We also need a healthy conviction of our own sin to appreciate this part of the Passion narrative. The mob that cried for Jesus’ execution seems unfeasible sometimes; how could they? Wouldn’t I have done differently than the people that shouted for Barabbas? Bl. John Henry Newman reflected that “His death-warrant is signed, and who signed it but I… Those sins of mine were the voices which cried out, ‘Let Him be crucified.’ That willingness and delight of heart with which I committed them was the consent which Pilate gave to this clamorous multitude.” This mindfulness of our own sins needs to be accompanied by love and gratitude toward God. We can’t make the mistake of thinking sin is the only thing that defines us in God’s eyes; that’s a distortion of Christianity. On the other hand, we can’t make the mistake of minimizing our sins, or sin in general. At its very nature, sin is destructive; the devil’s aims with sin are to drive us into evil, despair, and finally, hell. It took a dramatic rescue on the part of Our Lord to save us from sin’s clutches!
Our Lord Carries the Cross
The depiction of Jesus carrying the cross has varied over the centuries. Although in many works of art He carries the entire cross, i.e. two pieces of wood fastened together, it’s possible that the vertical portion of the cross was in a fixed place in the ground. Jerusalem’s set place for crucifixions was Golgotha, or Calvary (Matt 27:33). The condemned would be forced to carry the crossbeam from the prison inside the city to a location outside the city; the crossbeam weighed about 100 lbs. Here we can imagine how difficult it would be for a man at full strength to carry the crossbeam for any distance. Jesus picked up His cross having spent a wretched night in prison, with little to no sleep, watching His own people condemn Him, and being brutally scourged. During the stations of the cross, Jesus falls three times. With his arms bound to the cross beam, he could do nothing to break his fall. Having to get up under the weight of that cross each time… having a 100 lb. log crash down upon Him each time He fell. Is it any wonder that the soldiers conscripted Simon of Cyrene to help Jesus? (cf. Luke 23:26)
Our Lord is Crucified
At the destination of Calvary, Jesus was first stripped of His garments. Crucifixes always give Jesus a loin cloth, but in reality, Roman crucifixion was designed to be as gruesome, humiliating a death as possible. The condemned were stripped naked in order to die with as little dignity as possible.
Next were the nails. Iron spikes that averaged 5-7 in. in length were used to nail the arms of the condemned to the crossbeam, in the wrists (note on Mark 15:24 Ignatius Catholic Study Bible: New Testament). Although we often see that the palms of Jesus bore the nail wounds, they wouldn’t support the body weight of a person on a cross. After the victim was nailed to the crossbeam, it was raised up and attached to the vertical beam. The victim’s feet were nailed into the vertical beam; death awaited.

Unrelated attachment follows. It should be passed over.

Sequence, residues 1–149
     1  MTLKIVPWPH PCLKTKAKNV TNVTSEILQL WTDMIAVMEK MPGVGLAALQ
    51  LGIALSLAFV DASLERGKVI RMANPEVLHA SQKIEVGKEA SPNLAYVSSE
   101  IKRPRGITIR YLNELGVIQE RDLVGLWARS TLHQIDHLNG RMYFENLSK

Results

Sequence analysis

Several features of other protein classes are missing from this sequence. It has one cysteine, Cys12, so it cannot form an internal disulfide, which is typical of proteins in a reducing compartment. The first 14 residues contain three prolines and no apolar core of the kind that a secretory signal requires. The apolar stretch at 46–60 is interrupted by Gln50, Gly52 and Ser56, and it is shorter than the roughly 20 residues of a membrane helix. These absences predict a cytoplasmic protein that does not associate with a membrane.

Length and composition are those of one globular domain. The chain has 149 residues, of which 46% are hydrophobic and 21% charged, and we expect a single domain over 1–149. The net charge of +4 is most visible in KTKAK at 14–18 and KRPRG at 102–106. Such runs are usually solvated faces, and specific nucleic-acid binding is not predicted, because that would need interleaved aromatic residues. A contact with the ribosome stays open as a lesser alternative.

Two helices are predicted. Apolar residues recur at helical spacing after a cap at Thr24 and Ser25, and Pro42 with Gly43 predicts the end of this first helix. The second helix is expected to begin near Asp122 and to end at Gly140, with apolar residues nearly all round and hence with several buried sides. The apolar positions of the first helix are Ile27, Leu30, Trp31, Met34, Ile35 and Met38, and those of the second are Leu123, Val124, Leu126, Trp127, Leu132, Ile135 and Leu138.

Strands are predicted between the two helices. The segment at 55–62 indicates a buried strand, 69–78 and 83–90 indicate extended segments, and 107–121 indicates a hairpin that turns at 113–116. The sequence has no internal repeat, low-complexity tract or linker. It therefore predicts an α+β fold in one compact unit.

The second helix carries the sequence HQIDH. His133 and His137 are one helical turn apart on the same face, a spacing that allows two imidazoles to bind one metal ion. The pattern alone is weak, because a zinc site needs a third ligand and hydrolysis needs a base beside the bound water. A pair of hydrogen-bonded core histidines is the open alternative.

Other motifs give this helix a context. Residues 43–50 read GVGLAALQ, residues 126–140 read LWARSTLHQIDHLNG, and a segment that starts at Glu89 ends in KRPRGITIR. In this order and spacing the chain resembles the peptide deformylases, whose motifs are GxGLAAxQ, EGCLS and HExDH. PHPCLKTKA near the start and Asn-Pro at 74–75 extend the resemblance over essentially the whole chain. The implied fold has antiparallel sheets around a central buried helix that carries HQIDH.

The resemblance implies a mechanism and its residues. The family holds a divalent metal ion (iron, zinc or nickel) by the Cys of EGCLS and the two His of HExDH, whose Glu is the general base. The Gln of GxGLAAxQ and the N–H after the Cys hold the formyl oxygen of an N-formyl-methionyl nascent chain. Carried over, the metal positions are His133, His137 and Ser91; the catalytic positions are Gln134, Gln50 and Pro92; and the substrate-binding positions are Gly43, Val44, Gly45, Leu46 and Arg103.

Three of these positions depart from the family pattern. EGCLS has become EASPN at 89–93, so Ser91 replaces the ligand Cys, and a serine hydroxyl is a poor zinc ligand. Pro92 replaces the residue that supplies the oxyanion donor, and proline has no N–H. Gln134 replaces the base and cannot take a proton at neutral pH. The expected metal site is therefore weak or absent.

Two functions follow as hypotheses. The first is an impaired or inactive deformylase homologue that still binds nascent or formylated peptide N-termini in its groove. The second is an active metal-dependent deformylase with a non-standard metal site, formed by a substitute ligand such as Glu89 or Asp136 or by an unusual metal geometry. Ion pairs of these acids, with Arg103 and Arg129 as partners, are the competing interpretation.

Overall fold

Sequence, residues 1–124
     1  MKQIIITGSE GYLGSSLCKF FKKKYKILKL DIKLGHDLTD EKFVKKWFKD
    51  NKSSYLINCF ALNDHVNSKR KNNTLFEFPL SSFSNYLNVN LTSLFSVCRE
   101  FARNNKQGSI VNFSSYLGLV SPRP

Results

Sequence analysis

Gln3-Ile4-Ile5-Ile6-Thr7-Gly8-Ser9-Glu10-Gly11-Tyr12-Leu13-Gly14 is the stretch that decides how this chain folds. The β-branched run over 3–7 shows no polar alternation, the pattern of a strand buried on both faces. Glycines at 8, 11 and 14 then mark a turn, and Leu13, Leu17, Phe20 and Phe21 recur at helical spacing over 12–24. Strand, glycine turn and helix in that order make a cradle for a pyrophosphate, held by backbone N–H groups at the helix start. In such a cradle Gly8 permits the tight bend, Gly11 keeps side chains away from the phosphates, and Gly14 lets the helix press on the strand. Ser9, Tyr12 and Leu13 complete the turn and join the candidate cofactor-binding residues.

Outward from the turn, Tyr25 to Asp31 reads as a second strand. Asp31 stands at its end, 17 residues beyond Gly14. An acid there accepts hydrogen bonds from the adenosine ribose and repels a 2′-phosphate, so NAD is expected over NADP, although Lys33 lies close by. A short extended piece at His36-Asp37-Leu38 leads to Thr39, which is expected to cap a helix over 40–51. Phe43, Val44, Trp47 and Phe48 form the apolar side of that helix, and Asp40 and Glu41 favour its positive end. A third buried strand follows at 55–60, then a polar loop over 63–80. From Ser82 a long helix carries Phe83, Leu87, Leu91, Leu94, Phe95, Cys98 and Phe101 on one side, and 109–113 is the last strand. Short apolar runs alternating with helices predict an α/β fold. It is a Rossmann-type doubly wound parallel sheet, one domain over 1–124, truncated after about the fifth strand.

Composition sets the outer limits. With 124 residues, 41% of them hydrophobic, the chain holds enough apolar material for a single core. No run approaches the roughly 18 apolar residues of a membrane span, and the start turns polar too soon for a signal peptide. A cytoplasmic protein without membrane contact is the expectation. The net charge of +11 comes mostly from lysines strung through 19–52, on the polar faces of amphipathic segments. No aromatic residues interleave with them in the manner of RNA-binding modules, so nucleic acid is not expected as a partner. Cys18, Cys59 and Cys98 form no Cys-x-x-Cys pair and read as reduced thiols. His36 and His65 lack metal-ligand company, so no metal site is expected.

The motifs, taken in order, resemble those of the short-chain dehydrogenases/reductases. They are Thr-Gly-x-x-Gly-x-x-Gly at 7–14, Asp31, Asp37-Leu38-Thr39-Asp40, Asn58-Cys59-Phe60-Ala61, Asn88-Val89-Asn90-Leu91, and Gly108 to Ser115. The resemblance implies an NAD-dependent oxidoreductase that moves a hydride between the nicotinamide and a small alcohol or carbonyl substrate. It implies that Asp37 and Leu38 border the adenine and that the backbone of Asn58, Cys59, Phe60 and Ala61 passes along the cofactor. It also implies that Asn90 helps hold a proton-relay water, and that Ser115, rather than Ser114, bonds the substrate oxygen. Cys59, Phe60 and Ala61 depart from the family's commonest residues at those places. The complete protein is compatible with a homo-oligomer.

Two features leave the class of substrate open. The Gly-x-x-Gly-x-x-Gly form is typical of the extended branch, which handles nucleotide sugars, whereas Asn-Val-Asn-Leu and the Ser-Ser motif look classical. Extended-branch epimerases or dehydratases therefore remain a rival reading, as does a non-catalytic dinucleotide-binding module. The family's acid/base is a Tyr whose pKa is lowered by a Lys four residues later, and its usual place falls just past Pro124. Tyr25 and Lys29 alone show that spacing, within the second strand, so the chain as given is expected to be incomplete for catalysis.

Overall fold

Death would surely come, most often by a combination of blood loss (from the scourging) and asphyxiation (note on Mark 15:24 Ignatius Catholic Study Bible: New Testament). The victim would only be able to take shallow breaths, until his arms weakened. At that point, he would have to push his body up with his feet to breathe. This would be terribly painful on multiple levels: putting pressure on the nail wounds in the feet and the hands, and rubbing the open wounds on his back up against a large beam of wood. Jesus had seven last words from the cross, all of which were probably labored and difficult.
Our Lord Dies
The executioners had two methods to ensure death: breaking the victim’s legs with a massive mallet and thrusting a spear through their torso. Jesus was spared the first but not the second, even though He was already dead. (John 19:31-37)
We can gain a deeper appreciation of the crucifixion of Jesus by looking at the physical suffering He endured. The details are unpleasant at best, and hideous at worst. Cicero, the great Roman orator, urged that “the very mention of the cross should be far removed not only from a Roman citizen’s body, but from his mind, his eyes, his ears.” It was simply unbearable! Cicero saw nails, large wooden beams, and blood. As Christians, we see an extraordinary act of love. On Good Friday, let the Passion spur a prayer of deep gratitude. It is the great mystery of our faith: the ugliness of Good Friday opened the gates to our healing from sin. “He Himself bore our sins in His body on the tree, that we might die to sin and live to righteousness. By His wounds you have been healed.” (1 Peter 2:24)
Run to Him and be healed!
Do you meditate on the Passion of Our Lord in your prayer life?